What Happens if a Holiday Falls on My Day Off?

By on November 2, 2016 in Pay & Benefits, Q&A with 0 Comments

Q:  I am a federal employee and need some clarity on holidays and day off.  For example: if the Holiday falls on a Monday and that’s my day off, does the Holiday move to Tuesday or does my day off move to Tuesday?  Some supervisors say the Holiday moves while other supervisors say the employee’s regular day off moves.

A:  The guidelines on ‘in lieu of a holiday days off’ are not included in the regulations, but they are discussed in OPM’s Fact Sheet on holidays. The regulations on holidays are in two places – 5 C.F.R. §§ 550.131-550.132 and 5 C.F.R. §§ 610.201-610.202

The rules basically are that if a holiday falls on an employee’s day off, then the day to be taken off, known as an ‘in lieu of day,’ is the day immediately before the employee’s day off on which the holiday falls.  For example, an employee working a Tuesday through Saturday schedule has a holiday fall on Sunday, following the guidelines the employee’s ‘in lieu of day off’ is Saturday.

The guidance goes on to say if the holiday falls on what would be the employee’s second day off (for an employee who works five days each week and has two consecutive days off), then the ‘in lieu of day off’ is the day after the holiday.  As an example, an employee working Tuesday through Saturday has a holiday fall on Monday, following the guidelines the employee’s ‘in lieu of day off’ is Tuesday.

I’ve never before heard a supervisor say that the employee’s regular day off moves, because that would require the employee’s work schedule to be changed.  In fact, the regulations dealing with establishing employee work schedules reminds supervisors that they will not use the occurrence of a holiday to “…affect the designation of the basic workweek;….”  (5 CFR 610.121(a)(1))   In short, the occurrence of a holiday by itself cannot be used as a reason to make changes to the employee’s basic workweek.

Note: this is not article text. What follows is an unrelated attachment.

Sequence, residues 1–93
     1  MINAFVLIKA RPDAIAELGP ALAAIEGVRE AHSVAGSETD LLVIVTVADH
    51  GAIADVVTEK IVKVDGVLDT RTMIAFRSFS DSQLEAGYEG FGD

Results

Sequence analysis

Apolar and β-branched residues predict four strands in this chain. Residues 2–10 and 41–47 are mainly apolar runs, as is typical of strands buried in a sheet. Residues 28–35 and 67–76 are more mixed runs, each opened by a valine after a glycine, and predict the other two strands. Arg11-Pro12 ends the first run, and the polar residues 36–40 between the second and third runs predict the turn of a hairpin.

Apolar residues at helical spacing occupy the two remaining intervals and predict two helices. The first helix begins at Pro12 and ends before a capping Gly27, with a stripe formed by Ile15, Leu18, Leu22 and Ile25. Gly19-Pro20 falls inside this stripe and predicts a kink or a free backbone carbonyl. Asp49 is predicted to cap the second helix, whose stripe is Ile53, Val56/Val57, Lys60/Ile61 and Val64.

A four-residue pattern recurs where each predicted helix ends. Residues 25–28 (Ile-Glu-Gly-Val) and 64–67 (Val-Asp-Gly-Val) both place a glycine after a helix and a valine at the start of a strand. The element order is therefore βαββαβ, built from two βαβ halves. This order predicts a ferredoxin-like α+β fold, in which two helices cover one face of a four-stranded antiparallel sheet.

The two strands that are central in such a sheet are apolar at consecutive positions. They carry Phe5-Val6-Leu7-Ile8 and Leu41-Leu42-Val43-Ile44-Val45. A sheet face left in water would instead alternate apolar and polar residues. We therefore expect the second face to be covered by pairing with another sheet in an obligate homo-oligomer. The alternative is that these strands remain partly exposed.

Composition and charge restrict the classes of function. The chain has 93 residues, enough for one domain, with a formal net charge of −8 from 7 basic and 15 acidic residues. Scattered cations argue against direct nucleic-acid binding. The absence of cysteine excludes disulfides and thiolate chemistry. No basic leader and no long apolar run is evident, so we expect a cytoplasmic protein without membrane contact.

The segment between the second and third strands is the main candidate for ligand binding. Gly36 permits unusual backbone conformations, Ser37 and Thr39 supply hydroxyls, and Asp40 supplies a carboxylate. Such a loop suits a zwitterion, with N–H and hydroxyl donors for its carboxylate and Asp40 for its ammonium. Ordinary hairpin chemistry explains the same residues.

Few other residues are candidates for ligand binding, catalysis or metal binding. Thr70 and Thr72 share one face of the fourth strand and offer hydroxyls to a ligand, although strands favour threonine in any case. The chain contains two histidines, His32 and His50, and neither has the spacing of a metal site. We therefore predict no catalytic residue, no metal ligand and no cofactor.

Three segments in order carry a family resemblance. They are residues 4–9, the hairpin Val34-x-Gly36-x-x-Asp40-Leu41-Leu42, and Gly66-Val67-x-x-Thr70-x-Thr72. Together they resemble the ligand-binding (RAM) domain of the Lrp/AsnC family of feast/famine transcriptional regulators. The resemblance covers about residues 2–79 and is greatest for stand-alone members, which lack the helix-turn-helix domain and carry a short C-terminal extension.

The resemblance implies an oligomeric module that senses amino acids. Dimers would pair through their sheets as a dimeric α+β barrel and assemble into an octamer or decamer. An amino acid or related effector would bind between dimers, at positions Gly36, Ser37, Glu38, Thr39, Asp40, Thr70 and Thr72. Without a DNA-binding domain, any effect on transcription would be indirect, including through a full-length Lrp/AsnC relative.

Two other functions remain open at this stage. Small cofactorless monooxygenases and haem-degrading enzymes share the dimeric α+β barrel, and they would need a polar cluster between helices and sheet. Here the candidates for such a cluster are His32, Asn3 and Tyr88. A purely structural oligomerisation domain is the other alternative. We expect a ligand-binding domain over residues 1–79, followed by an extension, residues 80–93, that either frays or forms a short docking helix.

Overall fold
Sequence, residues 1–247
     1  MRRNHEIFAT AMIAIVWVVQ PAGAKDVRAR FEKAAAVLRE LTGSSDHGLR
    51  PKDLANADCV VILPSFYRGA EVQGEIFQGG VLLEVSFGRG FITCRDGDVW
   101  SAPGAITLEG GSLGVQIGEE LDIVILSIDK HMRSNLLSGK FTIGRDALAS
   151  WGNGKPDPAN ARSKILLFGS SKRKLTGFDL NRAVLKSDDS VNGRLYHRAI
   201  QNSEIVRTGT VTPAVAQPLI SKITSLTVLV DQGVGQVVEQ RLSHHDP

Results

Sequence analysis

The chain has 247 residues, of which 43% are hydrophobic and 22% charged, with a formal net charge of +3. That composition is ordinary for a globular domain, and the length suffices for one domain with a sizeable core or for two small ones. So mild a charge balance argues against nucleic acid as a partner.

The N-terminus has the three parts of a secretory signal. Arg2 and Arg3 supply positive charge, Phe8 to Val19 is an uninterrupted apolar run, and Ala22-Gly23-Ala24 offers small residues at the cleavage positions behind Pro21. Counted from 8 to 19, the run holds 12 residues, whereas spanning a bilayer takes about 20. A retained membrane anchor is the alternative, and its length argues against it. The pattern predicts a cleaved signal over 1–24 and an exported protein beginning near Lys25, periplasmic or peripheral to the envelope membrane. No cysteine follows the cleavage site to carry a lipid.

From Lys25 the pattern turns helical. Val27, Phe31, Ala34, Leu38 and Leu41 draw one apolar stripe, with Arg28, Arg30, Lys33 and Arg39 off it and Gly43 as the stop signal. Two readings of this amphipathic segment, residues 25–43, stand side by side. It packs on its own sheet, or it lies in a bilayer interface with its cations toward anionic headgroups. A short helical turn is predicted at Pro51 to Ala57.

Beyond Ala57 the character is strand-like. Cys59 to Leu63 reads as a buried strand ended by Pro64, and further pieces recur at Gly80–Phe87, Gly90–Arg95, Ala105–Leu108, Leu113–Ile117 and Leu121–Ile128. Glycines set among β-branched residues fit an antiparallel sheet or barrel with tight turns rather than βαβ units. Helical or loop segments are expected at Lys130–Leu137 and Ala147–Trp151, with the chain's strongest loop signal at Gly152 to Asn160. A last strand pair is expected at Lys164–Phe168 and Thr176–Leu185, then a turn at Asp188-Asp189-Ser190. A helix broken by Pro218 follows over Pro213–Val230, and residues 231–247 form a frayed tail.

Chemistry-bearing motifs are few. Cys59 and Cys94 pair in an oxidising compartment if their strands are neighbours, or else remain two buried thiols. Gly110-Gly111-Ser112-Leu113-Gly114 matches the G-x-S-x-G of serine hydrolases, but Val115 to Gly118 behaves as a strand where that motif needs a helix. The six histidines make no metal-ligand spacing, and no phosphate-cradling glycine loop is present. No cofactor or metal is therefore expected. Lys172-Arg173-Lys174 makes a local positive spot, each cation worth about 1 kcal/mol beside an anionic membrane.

Wayne Coleman is a federal pay expert available to help your agency avoid premium pay claims through on-site training. Contact him for more information.

© 2016 Wayne Coleman. All rights reserved. This article may not be reproduced without express written consent from Wayne Coleman.

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About the Author

Wayne Coleman is a senior consultant who has written about and provided training on overtime and premium pay, on the principles of FLSA coverage and exemption, and on related federal compensation issues at many different Federal agencies for almost 40 years. He can be reached at wayneslyhouse@comcast.net.

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